Tesla fatal crash report points to damaged EV battery case where fire started

tesla crash
A fatal crash of a 2019 Tesla in Texas involved an intense fire afterwards that started where the car's lithium-ion battery case was damaged, according to a preliminary NTSB finding. (Scott J. Engle on Blumenthal Twitter)

An April crash of a 2019 Tesla Model S into a tree that killed two occupants resulted in damage to the front of the car’s high-voltage lithium-ion battery case where a fire started that destroyed the car, investigators said in a preliminary report.

In its preliminary findings issued Monday, the National Transportation Safety Board said the fire also destroyed the car’s onboard storage device inside the infotainment console. However, investigators were able to recover the car’s restraint control module, which can record data associated with vehicle speed, belt status, acceleration and airbag deployment, but the module sustained fire damage and has been taken to an NTSB lab for evaluation.

The two men killed in the crash on April 17 in Spring, Harris County, Texas, included the owner and a passenger and both were seen entering the vehicle on footage from the owner’s home security camera. The owner took the driver’s seat and the passenger took the front passenger seat.  Shortly after the crash, first responders discovered the body of the driver in the rear seat with the driver’s seat empty, raising questions about whether the driver had been relying on a semi-autonomous feature called Autopilot to pilot the vehicle.

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Tesla CEO Elon Musk has disputed that Autopilot could have caused the crash because it would not be activated without lane markings, which were absent on the residential street where the crash occurred.  In fact, NTSB tested Autopilot on an exemplar 2019 Model S at the crash location and found that one component, Traffic Aware Cruise Control, could be engaged, but the other component, Autosteer, was not available on that part of the road.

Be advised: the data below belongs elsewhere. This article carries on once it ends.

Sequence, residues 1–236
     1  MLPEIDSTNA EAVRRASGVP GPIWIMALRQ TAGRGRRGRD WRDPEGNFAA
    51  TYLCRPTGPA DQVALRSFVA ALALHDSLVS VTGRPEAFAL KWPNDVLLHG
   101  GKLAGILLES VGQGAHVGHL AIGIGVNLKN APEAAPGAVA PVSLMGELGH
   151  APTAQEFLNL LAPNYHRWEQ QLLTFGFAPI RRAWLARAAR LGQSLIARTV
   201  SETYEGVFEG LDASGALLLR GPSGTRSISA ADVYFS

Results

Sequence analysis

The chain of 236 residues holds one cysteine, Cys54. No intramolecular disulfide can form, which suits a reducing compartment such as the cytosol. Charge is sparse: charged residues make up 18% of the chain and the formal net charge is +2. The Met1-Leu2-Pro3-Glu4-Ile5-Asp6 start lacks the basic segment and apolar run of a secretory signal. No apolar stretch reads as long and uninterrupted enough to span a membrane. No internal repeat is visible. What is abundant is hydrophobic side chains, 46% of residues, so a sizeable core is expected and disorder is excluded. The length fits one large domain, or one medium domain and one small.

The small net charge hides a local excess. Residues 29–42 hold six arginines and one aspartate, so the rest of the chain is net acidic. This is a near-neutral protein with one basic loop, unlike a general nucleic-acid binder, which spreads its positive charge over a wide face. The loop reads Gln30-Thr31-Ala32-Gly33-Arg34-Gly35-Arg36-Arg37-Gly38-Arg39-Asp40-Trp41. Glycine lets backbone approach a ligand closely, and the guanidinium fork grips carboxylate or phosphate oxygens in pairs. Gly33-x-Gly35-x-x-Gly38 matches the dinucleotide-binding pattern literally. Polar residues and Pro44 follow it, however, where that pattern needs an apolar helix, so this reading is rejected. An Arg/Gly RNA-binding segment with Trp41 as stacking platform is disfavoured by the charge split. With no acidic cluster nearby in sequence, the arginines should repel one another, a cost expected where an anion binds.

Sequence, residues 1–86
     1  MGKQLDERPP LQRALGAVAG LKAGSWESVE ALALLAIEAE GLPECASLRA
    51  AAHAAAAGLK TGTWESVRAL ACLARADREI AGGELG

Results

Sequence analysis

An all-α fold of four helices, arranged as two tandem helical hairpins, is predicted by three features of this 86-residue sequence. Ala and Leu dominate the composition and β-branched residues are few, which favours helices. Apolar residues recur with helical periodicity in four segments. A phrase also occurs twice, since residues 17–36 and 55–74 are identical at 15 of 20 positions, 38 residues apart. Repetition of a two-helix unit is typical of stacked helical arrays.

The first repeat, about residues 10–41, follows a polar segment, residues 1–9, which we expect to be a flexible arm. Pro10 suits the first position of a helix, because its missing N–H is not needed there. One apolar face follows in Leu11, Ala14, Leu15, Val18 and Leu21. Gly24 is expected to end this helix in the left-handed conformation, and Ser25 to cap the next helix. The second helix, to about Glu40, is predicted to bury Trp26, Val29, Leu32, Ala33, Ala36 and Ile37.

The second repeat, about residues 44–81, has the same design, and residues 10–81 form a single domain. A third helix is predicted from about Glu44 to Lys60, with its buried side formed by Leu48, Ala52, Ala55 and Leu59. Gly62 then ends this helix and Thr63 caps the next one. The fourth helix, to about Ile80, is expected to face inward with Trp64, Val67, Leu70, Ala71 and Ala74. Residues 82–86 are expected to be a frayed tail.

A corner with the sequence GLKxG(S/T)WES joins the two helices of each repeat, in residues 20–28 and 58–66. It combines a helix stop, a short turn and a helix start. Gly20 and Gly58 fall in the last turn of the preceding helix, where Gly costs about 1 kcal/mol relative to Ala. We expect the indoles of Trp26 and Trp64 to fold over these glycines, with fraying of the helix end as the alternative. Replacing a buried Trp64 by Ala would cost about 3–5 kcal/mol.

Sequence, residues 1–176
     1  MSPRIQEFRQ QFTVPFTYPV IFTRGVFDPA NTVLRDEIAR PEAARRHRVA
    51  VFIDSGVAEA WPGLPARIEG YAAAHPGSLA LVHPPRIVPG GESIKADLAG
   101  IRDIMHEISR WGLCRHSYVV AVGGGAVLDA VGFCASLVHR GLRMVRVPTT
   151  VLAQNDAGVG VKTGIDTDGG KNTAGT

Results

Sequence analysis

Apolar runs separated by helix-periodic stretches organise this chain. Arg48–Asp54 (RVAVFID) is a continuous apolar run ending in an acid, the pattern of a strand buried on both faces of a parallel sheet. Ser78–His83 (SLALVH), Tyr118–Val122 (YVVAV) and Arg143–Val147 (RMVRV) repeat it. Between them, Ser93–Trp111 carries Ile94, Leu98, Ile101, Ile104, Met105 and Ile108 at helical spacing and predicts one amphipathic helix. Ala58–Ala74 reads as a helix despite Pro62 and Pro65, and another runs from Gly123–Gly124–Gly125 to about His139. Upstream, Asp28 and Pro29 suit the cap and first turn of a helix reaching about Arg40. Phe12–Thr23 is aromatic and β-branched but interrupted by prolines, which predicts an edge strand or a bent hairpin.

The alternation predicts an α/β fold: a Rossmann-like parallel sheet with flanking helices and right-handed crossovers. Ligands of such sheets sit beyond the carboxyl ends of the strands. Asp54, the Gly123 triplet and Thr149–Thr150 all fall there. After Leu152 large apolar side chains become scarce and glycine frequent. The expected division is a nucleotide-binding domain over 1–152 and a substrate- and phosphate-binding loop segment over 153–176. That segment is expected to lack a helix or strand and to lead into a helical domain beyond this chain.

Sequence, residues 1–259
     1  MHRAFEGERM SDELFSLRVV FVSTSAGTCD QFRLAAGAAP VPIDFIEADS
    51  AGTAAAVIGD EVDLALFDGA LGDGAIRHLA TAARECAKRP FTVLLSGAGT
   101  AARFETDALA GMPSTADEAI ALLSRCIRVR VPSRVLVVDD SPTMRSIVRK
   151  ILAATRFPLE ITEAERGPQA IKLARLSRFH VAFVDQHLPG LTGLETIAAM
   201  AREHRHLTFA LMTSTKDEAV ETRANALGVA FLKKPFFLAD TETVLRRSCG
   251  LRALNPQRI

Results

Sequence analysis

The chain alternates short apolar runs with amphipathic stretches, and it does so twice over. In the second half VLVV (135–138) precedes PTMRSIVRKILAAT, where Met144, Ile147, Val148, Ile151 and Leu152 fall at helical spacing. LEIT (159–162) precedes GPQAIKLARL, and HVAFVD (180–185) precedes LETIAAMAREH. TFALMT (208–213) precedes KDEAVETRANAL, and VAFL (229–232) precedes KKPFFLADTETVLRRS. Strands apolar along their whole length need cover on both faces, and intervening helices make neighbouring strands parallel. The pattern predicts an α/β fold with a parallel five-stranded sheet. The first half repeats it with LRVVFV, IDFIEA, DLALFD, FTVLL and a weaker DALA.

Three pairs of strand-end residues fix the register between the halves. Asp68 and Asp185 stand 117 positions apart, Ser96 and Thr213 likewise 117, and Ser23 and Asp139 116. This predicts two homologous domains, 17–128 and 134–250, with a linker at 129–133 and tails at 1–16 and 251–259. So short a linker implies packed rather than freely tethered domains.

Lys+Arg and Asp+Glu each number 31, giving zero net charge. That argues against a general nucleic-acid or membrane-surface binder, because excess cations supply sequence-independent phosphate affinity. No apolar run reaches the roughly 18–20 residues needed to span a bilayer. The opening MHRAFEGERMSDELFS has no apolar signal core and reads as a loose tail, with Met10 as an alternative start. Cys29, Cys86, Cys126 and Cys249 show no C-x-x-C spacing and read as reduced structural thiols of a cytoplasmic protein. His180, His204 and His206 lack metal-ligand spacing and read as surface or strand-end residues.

NTSB said both car occupants were fatally injured as a result of both the crash and fire.  The security camera footage also showed the car leaving the owner’s house and traveling 550 feet before departing the road on a curve, driving over the curb and hitting a drainage culvert, a raised manhole and a tree. * Some earlier reports said it took firefighters four hours to put out the Tesla fire, but Fire Chief Palmer Buck from Woodlands Township Fire Department later said flames were put out in about three minutes upon arriving at the scene, although firefighters used water to cool the battery due to a reaction in the battery pan that lasted while they were on the scene about four hours.  

The NTSB has investigated previous EV crashes and issued a report in November on the safety risk to emergency responders from lithium-ion battery fires. The nonprofit Insurance Institute for Highway Safety said some lithium-ion batteries in crashed vehicles have been extinguished only to re-ignite weeks later.

IIHS has been crash-testing EV models for years, going back to 2011, to make sure that when a battery case is damaged in a crash that the electrical charge is automatically cut off to prevent fires and electrocution of occupants and first responders. Of the EV models it has test-crashed, including a Tesla Model S in 2016, none have failed to cut off power from the EV batteries, an IIHS official said in a recent YouTube presentation.

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The NTSB said it is continuing to collect information about the crash, as well as postmortem toxicology test results, seat belt use, occupant egress and electric vehicle fires. “All aspects of the crash remain under investigation as the NTSB determines the probable cause, with the intent of issuing safety recommendations to prevent similar crashes,” the preliminary report says. It could take 12 to 24 months to complete the probe, NTSB said.

*This story has been corrected. Initially it said it took four hours to put out the Tesla fire.